CARBONDALE — Ask Joyce Hesketh about the dark blue and gold print quilt, with stitches in swirls, and she will quickly tell you that it wasn't all her doing. After all, someone created the digital pattern from which she stitched the quilt together, inspired by Vincent Van Gogh's "Starry Night."
Ditto for all of the other full-size or infant quilts, table runners and other items she's spent the past decade sewing, some of which are hung on the walls or folded on a table in a back room at St. Andrew's Episcopal Church in Carbondale.
She tries just as much to dismiss her apparent skills jumping out at viewers of the "Eclipse Quilt," a large, multi-print work of art with dark purple tie-dye looking fabric against blocks and triangles of yellow, green, blue, edged with print with images of the planets and other heavenly bodies.
She admits she had no idea what an eclipse would look like and had to do some research of her own.
"I prayed for inspiration," she said. That led her to pick the purple and blue and green tie-dye looking prints for part of the backdrop.
She said her inspiration was confirmed when she found a coffee table book on the Hubble, a book in which some images from the telescope were reprinted. She turned to a page in the book where the Hubble Space Telescope took an image of outer space matter, a motley bed of lavenders, purples, pinks — kind of like what was in her quilt.
She said she went to Carbondale's Eclipse office for inspiration, learning that the eclipse would come in from the east, and so the large yellow orb in the middle of her quilt looks like that.
She showed the outline stitching in the Eclipse quilt that replicates the shape of the sun and its rays and clouds. She used transparent tulle and organza fabrics to represent the moon's shadow over the sun.
This quilt, and others of Hesketh's, who is choir director at St. Andrew's Episcopal Church, will be exhibited at the church throughout the month of August.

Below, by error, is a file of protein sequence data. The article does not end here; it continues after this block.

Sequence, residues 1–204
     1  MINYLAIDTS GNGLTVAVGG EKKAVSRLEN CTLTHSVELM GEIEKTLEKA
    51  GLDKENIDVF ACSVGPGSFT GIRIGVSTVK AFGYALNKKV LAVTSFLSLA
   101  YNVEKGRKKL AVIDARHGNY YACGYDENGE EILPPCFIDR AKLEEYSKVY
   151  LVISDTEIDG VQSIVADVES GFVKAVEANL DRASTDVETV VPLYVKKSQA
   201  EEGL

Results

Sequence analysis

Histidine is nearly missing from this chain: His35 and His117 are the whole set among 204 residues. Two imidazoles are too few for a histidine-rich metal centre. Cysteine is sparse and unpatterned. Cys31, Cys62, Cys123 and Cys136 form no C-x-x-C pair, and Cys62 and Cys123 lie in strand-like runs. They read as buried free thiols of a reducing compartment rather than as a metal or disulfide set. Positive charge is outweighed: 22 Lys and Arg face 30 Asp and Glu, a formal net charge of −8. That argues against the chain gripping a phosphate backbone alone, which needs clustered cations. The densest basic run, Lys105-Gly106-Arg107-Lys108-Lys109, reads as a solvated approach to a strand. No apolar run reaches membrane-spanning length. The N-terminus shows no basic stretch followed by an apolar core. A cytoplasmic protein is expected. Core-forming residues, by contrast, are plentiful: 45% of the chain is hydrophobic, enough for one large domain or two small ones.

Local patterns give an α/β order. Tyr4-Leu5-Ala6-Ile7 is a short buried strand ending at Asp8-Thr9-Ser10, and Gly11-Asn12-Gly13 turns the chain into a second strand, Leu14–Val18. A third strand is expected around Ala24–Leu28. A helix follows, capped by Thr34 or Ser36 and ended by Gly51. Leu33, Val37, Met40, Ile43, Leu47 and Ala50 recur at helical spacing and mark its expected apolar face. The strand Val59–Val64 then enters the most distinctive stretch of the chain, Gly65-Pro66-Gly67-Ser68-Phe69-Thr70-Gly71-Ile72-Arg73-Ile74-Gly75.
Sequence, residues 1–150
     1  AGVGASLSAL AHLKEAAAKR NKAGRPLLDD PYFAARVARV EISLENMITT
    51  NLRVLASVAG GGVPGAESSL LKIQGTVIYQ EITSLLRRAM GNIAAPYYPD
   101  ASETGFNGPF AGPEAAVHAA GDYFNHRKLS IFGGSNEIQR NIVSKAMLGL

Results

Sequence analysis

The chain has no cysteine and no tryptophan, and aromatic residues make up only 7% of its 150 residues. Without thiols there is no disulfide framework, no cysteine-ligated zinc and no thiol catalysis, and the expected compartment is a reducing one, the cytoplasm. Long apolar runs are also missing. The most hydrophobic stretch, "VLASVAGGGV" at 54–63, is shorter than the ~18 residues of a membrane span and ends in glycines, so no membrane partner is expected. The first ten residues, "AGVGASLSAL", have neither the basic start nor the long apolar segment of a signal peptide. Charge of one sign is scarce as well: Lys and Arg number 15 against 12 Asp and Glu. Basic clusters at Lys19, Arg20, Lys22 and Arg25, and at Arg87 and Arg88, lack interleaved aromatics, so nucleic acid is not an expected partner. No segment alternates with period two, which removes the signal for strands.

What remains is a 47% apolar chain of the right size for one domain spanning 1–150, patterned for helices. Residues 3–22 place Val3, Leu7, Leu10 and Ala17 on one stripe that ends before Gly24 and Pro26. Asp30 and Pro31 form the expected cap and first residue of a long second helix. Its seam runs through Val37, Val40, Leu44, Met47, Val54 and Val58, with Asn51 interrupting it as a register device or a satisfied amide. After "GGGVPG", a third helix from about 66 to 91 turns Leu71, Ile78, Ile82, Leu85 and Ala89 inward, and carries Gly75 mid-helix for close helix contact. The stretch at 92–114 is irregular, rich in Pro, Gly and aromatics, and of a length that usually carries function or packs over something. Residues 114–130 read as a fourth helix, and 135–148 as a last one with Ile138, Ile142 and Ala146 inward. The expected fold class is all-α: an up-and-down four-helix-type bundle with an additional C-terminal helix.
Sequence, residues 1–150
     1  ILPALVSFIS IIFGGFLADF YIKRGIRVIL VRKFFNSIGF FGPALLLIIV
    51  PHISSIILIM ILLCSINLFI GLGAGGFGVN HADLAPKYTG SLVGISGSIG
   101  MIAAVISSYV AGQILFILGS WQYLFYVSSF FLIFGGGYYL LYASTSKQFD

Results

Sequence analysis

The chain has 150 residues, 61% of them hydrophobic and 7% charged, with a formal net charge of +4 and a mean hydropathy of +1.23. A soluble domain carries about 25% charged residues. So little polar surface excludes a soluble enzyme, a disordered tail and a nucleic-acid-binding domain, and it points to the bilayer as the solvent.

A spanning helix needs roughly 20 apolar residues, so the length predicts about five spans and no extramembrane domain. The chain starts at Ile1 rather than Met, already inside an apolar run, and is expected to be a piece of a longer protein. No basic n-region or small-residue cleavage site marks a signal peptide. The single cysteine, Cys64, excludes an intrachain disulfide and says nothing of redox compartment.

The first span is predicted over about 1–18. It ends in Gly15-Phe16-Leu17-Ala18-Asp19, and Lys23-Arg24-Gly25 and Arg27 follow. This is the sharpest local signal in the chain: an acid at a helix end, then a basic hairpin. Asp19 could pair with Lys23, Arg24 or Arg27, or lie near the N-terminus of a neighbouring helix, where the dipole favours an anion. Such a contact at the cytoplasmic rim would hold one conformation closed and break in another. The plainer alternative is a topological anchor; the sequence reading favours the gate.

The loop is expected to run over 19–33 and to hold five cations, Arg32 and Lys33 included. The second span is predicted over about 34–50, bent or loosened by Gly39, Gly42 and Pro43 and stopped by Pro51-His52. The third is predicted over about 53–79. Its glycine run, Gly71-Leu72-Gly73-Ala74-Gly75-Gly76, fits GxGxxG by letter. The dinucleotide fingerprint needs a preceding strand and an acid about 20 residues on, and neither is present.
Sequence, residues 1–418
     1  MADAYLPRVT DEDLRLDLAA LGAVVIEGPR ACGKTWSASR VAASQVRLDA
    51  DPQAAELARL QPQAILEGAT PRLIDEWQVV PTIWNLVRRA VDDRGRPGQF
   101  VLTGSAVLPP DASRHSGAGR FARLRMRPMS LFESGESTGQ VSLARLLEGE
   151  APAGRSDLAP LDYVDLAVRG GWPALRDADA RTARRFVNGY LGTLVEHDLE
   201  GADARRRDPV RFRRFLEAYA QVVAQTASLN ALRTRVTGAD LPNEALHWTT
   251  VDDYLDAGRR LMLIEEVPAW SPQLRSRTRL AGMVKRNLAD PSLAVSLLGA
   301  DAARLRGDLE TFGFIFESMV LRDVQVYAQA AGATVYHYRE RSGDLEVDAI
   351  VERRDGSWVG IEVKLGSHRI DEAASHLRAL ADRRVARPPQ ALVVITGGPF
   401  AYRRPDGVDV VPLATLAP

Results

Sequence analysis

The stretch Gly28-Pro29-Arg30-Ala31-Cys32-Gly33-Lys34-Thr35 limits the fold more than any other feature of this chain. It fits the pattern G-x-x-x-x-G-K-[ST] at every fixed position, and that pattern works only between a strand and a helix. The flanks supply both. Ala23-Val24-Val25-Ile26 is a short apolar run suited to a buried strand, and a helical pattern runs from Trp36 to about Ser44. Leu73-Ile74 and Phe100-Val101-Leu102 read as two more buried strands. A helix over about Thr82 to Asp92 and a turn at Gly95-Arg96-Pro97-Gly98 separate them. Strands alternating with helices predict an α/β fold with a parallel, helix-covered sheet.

"The Fabric Art of Joyce Hesketh" exhibit runs Aug. 1 to 31 at the church at 402 W. Mill St. in Carbondale. Exhibit hours are 10 a.m. to 3 p.m. Monday through Friday; 10 a.m. to 1 p.m. Saturday; and 9 a.m. to 3 p.m. Sunday. A grand opening reception is 7 to 9 p.m. Friday, Aug. 11 at St. Andrew's.
The raffle tickets are $10 each or $25 for three. Tickets can be purchased from St. Andrew's members or at the church office from 10 a.m. to 1 p.m. Tuesday through Friday.
A pre-exhibit display of the Solar Eclipse Quilt is set for noon to 6 p.m. Saturday, July 22, at St. James Episcopal Church, 301 E. Thorn St. in Marion; the pre-exhibit occurs during the church's annual peach festival.
Call the church for additional information at 618-529-4316.
The nearly two-and-one-minute eclipse is Aug. 21.
Family ties with sewing
Hesketh, who said she has never sold any of her quilts, started that pursuit after her husband died in 2005, she said. She had gone into Carbondale's Calico Country store to have a serger repaired, when staff started showing her some enhancements in the sewing world, including digitized sewing machines and self-threading sergers. She was simultaneously ensnared by the quilts hanging in the store and the classes offered to teach people how to create them.
Though she's a late-comer to the quilting business, she has deep roots to the sewing and garment-making industry. Her paternal grandfather owned an apron factory, and her aunt, Peg Stern, ran the Stern Garment Factory in York, Pennsylvania, from where she hails.
She said she was excited by her family's businesses and couldn't wait until she was in junior high school and learned to sew. She sewed her prom dresses and won a home economics award for sewing an apron — of course, she went above and beyond the class assignment. In college, at Oberlin College, made several garments for summer and other theatrical productions.
Because of her small size, and before the advent of clothing labeled petite, she also sewed for herself. When she married, she found herself sewing clothes for her husband, who was a broad-shouldered, trim-waisted man who wanted his clothes tailored to fit his physique. She sewed garments for him and their three young sons, then enjoyed the switch to feminine clothes when their two daughters came along years later.
Her one-woman quilting exhibit originated, in part, from a challenge from her church's pastor, Mother Kathryn Jeffrey, who had the idea for an Eclipse Quilt.
The quilt is larger than a queen-sized bed quilt, featuring the side panels with the planets attached. The top of the quilt features what Hesketh calls "solar systems," yellow gold orbs with concentric circles stitched around them, where she jokes that a husband and wife could lay their heads in their own "solar system."
She admits that she finds it hard to put a price tag on her quilts.
As her quilts are prepared for the exhibit, she is being encouraged to put a price tag on each one, something she says is difficult for her.
How much would she sell the Eclipse Quilt for?
"About $1,000," Hesketh said.
"I would say $2,000 if I were putting a price on it," Mother Jeffrey said.
"(It's available) if NASA wants to buy it, and put it in their Space Museum," Hesketh said.